The method centers on use of low pressure frying and deoiling to reduce the content of oil on a snack food products including potato or tortilla chips and other fried food products, Frito-Lay said.
Processing pressure the crucial detail
The snack player said that differential pressures throughout the processing steps were key to improved oil reduction in the end product.
The patent detailed that potato slices must be fried in hot oil (between 320⁰F and 380⁰F) at atmospheric pressure in a continuous fryer, batch, semi-batch or semi-continuous fryer.
The potato chips are then removed for a deoiling step in a vacuum centrifuge at a lower pressure. It is this lower pressure that is the crucial detail, Frito-Lay explained.
“When food pieces have been fried at atmospheric pressure and then subjected to a low pressure centrifugation step, the oil content of the fried food pieces is dramatically and surprisingly lower than when an atmospheric centrifugation step is used.”
“Without being limited by theory, applicants believe that the vacuum draws oil out from the interior spaces of the potato slices to the surface, thereby allowing the centripetal force exerted on the slices by the centrifuge to remove it from the surface of the potato slices. Additionally, the vacuum maintains a positive pressure differential between the internal spaces of the potato slice to the outside, which resists further oil absorption during the centrifugation step.”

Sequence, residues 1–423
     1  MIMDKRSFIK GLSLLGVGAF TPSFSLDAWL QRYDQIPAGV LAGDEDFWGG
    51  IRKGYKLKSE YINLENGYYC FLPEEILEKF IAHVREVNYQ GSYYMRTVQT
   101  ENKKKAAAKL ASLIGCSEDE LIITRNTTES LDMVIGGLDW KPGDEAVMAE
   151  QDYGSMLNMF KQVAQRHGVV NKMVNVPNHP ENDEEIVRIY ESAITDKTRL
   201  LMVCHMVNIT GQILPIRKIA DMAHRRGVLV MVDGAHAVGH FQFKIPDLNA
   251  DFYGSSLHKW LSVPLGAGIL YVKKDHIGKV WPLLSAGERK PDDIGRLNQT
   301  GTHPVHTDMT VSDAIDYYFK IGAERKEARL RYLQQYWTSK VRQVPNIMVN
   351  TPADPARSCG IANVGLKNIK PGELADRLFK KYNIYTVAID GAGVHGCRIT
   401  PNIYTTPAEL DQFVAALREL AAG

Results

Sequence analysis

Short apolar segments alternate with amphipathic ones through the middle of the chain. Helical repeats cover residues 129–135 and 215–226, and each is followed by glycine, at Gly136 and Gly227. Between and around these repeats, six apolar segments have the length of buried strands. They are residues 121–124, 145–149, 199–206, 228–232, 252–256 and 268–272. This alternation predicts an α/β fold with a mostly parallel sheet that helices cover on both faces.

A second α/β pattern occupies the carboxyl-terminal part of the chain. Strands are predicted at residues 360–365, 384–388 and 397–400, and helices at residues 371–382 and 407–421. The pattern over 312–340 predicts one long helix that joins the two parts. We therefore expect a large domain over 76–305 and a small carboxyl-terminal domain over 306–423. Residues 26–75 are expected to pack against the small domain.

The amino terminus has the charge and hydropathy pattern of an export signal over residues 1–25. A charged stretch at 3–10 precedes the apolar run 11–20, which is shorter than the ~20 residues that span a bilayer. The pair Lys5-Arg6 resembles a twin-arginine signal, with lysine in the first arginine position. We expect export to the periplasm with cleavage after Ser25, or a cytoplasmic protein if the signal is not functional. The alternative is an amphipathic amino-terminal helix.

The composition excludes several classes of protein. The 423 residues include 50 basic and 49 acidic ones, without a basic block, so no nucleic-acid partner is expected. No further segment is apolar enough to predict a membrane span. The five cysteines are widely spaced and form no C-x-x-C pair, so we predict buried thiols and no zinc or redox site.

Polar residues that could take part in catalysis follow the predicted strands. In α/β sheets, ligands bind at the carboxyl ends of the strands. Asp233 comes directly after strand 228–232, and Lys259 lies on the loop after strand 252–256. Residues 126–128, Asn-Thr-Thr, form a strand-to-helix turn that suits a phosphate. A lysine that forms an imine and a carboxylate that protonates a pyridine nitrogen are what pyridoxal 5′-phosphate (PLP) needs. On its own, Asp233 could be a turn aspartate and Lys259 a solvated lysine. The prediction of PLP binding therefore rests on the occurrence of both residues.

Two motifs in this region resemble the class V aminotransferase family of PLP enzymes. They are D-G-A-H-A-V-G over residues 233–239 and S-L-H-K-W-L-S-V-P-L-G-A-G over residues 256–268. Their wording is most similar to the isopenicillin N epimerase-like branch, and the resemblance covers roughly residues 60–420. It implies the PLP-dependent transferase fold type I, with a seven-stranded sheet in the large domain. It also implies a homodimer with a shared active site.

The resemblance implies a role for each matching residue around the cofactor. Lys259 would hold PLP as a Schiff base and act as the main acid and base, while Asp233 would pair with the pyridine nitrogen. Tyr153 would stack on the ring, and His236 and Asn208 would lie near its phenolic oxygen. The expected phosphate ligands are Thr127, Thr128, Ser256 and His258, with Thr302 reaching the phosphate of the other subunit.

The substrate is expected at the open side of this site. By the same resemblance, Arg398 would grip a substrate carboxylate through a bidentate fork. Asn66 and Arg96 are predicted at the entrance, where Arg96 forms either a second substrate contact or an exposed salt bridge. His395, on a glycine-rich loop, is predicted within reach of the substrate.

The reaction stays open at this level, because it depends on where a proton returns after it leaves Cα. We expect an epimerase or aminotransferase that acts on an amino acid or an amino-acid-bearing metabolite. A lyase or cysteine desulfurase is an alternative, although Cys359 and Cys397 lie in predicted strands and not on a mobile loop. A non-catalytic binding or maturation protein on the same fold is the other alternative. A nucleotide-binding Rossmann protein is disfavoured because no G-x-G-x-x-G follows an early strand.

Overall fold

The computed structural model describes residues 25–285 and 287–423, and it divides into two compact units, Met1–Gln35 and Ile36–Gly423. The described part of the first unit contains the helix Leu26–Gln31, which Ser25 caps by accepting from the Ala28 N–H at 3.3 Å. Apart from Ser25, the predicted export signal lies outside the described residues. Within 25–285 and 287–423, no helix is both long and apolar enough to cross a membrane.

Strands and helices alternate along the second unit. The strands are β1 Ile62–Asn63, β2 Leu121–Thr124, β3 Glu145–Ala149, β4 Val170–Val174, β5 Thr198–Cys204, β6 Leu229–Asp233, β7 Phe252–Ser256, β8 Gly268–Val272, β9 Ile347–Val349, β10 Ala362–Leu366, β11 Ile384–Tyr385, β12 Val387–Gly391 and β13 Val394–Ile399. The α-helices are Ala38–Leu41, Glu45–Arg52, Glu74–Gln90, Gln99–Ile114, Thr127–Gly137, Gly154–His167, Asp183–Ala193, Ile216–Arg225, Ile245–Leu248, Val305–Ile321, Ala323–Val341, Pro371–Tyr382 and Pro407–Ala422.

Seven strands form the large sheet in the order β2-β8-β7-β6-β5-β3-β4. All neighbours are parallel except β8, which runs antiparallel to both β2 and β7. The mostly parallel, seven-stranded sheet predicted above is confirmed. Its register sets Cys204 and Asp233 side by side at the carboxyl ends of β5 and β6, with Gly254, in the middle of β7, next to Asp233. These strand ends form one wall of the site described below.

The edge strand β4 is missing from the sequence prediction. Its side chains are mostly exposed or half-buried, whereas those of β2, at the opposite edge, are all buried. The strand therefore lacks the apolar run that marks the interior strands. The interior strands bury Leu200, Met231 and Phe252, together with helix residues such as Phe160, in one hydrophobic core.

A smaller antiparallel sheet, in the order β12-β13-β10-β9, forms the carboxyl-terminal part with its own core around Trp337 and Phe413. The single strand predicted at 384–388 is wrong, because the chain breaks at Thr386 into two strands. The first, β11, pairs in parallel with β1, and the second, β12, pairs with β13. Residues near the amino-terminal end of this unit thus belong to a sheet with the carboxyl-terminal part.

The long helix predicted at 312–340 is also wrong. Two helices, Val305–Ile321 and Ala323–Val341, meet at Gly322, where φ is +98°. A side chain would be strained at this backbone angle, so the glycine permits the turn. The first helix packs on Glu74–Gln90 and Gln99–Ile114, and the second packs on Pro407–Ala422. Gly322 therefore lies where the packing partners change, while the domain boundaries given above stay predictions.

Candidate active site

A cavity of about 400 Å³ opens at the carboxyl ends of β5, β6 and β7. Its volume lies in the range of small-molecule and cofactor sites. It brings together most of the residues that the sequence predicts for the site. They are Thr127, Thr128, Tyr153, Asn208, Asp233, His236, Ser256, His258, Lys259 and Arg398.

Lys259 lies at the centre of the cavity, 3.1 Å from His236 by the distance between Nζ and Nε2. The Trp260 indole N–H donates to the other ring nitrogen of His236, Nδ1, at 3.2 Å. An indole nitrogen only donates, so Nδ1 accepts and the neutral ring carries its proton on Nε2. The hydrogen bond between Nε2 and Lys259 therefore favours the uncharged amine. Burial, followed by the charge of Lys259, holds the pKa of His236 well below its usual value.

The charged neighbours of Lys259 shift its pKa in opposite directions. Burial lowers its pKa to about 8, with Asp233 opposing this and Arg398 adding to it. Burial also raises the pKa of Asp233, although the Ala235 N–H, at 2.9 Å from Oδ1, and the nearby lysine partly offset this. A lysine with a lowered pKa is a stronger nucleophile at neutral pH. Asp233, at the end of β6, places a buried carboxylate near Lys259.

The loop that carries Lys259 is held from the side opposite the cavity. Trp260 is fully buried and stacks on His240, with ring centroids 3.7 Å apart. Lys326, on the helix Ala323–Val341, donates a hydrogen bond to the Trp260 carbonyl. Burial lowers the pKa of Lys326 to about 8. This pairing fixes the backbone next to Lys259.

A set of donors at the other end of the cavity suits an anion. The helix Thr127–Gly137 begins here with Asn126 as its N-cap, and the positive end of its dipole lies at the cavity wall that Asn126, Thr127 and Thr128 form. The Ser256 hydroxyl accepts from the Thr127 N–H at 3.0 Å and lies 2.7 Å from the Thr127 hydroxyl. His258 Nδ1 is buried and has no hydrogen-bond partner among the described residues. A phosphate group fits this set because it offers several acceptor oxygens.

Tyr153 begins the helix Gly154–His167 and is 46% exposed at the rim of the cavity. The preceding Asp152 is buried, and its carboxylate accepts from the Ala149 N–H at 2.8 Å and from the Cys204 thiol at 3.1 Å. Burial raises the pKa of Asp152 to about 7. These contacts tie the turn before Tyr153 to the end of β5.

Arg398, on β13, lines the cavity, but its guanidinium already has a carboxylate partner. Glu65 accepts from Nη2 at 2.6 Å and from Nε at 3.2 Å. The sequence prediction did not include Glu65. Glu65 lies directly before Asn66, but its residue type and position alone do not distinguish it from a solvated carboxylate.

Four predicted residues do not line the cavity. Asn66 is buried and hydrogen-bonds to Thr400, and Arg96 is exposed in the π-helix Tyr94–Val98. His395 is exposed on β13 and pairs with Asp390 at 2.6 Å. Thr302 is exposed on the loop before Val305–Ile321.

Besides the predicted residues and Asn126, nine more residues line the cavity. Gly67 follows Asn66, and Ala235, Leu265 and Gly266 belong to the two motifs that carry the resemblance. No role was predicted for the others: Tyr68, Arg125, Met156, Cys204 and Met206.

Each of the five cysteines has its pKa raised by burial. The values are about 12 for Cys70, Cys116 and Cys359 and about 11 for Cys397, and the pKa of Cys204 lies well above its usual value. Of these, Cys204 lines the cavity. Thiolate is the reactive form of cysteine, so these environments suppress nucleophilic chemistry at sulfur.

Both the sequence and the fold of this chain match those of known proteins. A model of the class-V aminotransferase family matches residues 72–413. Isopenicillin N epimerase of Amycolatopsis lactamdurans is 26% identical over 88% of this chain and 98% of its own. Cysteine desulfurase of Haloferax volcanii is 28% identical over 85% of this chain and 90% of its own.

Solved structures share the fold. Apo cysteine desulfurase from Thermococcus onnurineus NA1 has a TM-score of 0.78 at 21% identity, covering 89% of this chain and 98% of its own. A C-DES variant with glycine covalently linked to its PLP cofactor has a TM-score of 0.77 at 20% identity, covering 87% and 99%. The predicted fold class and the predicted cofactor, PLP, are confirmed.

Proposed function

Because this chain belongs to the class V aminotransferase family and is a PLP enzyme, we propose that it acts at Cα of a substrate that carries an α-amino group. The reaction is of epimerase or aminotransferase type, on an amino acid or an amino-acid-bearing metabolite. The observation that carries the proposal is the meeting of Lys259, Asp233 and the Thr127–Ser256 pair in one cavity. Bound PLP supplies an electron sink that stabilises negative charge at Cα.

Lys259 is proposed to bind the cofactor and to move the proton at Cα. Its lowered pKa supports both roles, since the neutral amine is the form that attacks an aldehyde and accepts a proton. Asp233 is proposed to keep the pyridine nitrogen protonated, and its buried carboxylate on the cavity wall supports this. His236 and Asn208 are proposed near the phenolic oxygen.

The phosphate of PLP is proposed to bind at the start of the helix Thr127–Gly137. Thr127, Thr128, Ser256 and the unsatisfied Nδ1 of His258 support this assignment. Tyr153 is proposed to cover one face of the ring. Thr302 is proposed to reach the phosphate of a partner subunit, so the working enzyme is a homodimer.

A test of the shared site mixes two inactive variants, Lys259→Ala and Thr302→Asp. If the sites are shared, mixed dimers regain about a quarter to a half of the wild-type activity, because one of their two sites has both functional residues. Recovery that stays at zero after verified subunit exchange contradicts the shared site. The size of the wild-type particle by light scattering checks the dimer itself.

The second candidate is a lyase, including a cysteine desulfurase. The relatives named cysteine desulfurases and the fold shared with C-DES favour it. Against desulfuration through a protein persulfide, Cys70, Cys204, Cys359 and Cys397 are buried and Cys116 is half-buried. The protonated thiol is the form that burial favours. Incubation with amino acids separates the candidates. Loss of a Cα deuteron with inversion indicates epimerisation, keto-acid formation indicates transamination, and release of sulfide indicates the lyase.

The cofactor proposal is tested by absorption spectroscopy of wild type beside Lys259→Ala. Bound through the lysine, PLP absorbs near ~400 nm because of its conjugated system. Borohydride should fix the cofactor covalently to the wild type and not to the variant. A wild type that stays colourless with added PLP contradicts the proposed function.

These deoiled potato chips have a mouthfeel similar to chips that have not been deoiled under vacuum conditions, Frito-Lay explained, because oil that was previously trapped inside the fried food is drawn to the surface.
Bigger oil reductions with different pressure
Frito-Lay conducted experiments that showed a significant difference in oil reduction when pressures were altered throughout processing.
It found that processing unwashed chips in a centrifuge at atmospheric pressure, oil content by weight was reduced on average by 7.3%. This figure was more than doubled to 16.8% average oil reduction when the centrifugation system used a pressure lower than atmospheric.
In addition to pressure control, Frito-Lay said that the time the chips are spun inside the vacuum centrifuge and lag time between when the product exits the fryer and enters the vacuum can also impact oil removal.
Frito-Lay said the removing and transferring steps in the production line can be heated – as this prevents the chips from cooling and absorbing oil.
Frito-Lay other work on oil reduction
Frito-Lay filed a separate patent at the end of 2012 for a different method it had developed to reduce the oil content of potato chips. The continuous-frying process that uses changing temperatures can reduce oil content by up to one-third, the snack major claimed.